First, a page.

rrmx
operations. (c) The stability of the Weibull family with respect to rnax operations. 7.5 The yearly maximum floods, in a given crosssection of a river, measured in m3/sec, during the last 60 years are shown in Table 1.2. How many exceedances of 46 m3/sec are expected during the next 10 years?
Exercises
175
7.6 The time required by a car to go between two given cities is a random variable with cdf
(a) What is the pdf of the time required by the slowest (fastest) car in a group of four cars? (b) If we work with a large number of cars, propose a distribution for the tirne associated with the slowest (fastest) car. (c) What is the exact distribution for the time associated with the k fastest car? 7.7 The grade obtained by a randomly selected student in a statistics course has pdf
f (5) =
In a class with 100 students, determine: (a) The pdf of the grade associated with the best student in the class. (b) The pdf of the grade associated with the third best student in the class. (c) The pdf of the grade associated with the worst student in the class.
7.8 Repeat Example 7.10 with a Weibull distribution and obtain the relation between the return periods obtained for the yearly and century cdfs.
7.9 Let Z1:,,, Z2,,, . . . , Z,:, be the order statistics from n independent and identically distributed standard exponential random variables with pdf
S1 = ~ L Z ~ : ~ ,(nZ ~ = ,  1)(ZZIn 2 1 : ~ . . . , Sn = ZnZn Znl:n, ,) are statistically independent and that they are all distributed as standard exponential variables. (b) Using this independence result, show that
Var(Zr:n)
176
7.10 Using the results in Exercise 7.9, considering the MLE 0 of I9 in Example 5.2, show that 2n8/0 has a central X 2 distribution with 2n degrees of freedom. 7.11 Once again, by using the results in Exercise 7.9 and considering the MLEs ji and 0 of p and I9 in Example 5.5, show that Pl = 27b(b  p)/Q and Pz = 2n8/0 are independently distributed as central X 2 with 2 and 2 7 ~ degrees ~ 2 of freedom, respectively. As a consequence, prove that (n  1)(fi  p)/O has a central F distribution with (2,2n  2) degrees of freedom (see Section 3.2.12). 7.12 Using the results in Exercise 7.9, establish that the MLE 8 of I9 in Example 5.2 is also the Best Linear Unbiased Estimator of 0 (that is, an estimator which is a linear function of order statistics, tinbiased and has the minimum most variance); see Balakrishnan and Rao (1997). 7.13 Let X I , . . . X, be independent random variables with Xi being distributed as exponential with pdf
(a) Obtain the cdf and pdf of XI:,. (b) What is the distribution of X,,:,? (c) Obtain the cdf and pdf of X,:,. (d) What is the joint density function of XI:, and X,,:,,'?
Chapter 8
8.1
Point Processes
Point processes are stochastic processes whose outcomes are points in ndimensional space. Point processes are defined when two pieces of information are given: (a) the occurrence of points and (b) the probability of occurrence. Once the point process is defined, the following probabilities can be easily calculated: (a) the probability of the occurrence of a given number of events, (b) the probability of the time between successive events, (c) the probability of the time to the lcth event to be srnaller than a certain value t, etc. These probabilities are all essential for engineering design. Point processes are very good tools for modeling engineering problems. Consider, for exarriple, the occurrence of very high waves or winds, earthquakes. storms, failures, etc. They occur at random times in the onedimensional space of time. Similarly, earthquakes and cracks in a concrete dam occur at random locations in the earth or in the domain of ~ " d e n e d by the dam structure, respectively. Thus, point processes help to calculate the probability of having lc of these events during a given period of time or in a given region. An example of a point process is the Poisson honlogeneous model that was described earlier in Chapter 2. In that case, the point process is unidimensional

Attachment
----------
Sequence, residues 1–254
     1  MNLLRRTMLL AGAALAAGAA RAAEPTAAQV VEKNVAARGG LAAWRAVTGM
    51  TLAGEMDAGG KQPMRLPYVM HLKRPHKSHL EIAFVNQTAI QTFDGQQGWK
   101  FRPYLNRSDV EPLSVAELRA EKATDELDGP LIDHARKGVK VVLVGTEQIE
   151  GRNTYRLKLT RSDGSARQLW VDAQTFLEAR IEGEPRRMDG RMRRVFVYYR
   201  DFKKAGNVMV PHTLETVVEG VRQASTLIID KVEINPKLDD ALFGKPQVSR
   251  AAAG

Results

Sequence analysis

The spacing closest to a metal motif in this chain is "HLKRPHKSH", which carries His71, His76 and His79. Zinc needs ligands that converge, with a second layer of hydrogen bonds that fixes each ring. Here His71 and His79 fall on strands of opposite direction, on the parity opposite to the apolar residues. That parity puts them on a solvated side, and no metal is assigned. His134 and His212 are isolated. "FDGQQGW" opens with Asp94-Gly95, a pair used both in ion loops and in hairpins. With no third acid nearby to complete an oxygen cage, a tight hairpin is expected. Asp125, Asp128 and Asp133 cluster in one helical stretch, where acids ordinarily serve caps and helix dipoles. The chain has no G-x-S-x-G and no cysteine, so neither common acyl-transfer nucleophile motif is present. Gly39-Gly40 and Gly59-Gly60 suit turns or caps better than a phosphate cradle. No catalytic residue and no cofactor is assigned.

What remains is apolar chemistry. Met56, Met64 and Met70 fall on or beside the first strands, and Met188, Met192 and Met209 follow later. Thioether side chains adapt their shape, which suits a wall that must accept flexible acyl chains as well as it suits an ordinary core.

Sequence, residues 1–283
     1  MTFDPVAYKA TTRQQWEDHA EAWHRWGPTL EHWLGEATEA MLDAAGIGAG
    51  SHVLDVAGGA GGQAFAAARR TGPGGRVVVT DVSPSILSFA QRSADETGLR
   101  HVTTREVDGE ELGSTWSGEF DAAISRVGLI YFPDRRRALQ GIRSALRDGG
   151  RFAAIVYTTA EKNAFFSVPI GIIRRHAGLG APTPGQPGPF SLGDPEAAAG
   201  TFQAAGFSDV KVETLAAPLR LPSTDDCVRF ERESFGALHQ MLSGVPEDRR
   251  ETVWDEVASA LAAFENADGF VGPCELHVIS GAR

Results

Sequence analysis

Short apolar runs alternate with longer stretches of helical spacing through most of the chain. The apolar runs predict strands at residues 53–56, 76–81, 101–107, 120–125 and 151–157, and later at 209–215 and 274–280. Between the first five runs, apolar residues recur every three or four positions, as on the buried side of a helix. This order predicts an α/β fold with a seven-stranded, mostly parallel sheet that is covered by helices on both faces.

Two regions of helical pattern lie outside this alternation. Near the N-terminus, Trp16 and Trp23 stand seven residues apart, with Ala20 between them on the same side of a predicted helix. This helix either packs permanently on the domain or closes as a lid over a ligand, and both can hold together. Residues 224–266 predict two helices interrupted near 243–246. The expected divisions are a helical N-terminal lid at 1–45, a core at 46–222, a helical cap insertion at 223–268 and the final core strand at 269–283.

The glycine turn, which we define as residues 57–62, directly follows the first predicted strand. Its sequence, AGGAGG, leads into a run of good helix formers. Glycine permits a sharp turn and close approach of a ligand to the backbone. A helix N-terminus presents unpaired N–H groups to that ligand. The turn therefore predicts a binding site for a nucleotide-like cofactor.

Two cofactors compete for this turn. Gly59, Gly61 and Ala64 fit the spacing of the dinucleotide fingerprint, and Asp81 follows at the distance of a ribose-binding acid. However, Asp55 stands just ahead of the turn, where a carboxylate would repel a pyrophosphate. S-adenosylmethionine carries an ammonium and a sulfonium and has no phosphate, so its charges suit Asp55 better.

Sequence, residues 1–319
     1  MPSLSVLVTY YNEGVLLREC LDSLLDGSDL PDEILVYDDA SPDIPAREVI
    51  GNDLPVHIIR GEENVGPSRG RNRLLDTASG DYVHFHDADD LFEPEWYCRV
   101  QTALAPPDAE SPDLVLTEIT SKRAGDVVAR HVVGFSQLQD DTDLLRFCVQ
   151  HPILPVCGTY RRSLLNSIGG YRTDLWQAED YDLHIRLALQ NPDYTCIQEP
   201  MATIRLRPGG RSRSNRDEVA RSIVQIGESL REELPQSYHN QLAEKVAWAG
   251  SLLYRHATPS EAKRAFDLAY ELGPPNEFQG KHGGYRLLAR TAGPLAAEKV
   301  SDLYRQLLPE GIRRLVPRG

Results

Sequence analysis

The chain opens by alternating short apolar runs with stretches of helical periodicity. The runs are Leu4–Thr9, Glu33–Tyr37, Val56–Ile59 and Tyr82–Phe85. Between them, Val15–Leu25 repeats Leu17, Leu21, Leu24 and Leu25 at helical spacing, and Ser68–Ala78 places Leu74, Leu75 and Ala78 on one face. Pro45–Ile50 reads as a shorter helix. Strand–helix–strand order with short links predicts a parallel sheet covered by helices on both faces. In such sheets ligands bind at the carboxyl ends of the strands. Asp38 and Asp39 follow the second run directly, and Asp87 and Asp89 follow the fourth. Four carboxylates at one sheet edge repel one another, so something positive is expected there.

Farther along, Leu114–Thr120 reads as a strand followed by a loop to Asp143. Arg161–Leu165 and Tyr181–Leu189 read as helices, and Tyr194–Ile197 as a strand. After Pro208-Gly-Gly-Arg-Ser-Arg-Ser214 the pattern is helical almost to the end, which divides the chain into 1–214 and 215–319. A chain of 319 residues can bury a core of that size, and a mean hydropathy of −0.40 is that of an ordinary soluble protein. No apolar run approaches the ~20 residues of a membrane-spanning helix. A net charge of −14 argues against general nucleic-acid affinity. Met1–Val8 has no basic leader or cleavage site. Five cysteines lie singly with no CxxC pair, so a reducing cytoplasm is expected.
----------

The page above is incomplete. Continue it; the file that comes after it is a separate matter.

178
and has intensity X(x) = A, that is, the intensity function is constant (homogeneous). However, there are other point processes that are not homogeneous. A direct and simple way of defining the statistical properties of a point process is by means of its intensity function, which is a function X(x), that when integrated over a given region A gives the expected value of the number of events occurring in that region, that is,
where A(A) is the expected number of events occurring in the region A. This function allows defining the nonhomogeneous Poisson process. Definition 8.1 (Nonhomogeneous Poisson process). A point process is said to be a nonhomogeneous Poisson process with intensity X(x) if
I . The number of events, N(A), occurring i n A is a Poisson random variable,
that is,
N (A)
Po(A(A)).
2. The number of events N(A) and N ( B ) occurring i n nonooerlapping regions A and B , respectively, are independent random variables.
An important problem of a nonhomogeneous Poisson process defined on a set B c RTn the estimation of its intensity function X(x). This problem can is be dealt with as parametric and nonparametric. To simplify the problem, we assume that we have a parametric family X(x; 6 ) and that we wish to estimate 6. To this end, we may use the maximum likelihood method based on some observations, that is, some points ( x l , ~ 2 ,. . , x,), where the event has occurred. For simplicity, we assume that they are not coincident (note that the probability of this coincidence is zero). Then, the likelihood is the probability of observing such information given the model. To facilitate the derivation of the likelihood function consider n spheres Si,i = 1 , 2 , . . . ,n, centered at each of the points xi (see Fig. 8.1). The radius ri of Si is small enough so that the spheres do not overlap. Then it is clear that we have observed one event in each of the Si spheres, and no event in the set Q B  U k l S i . Since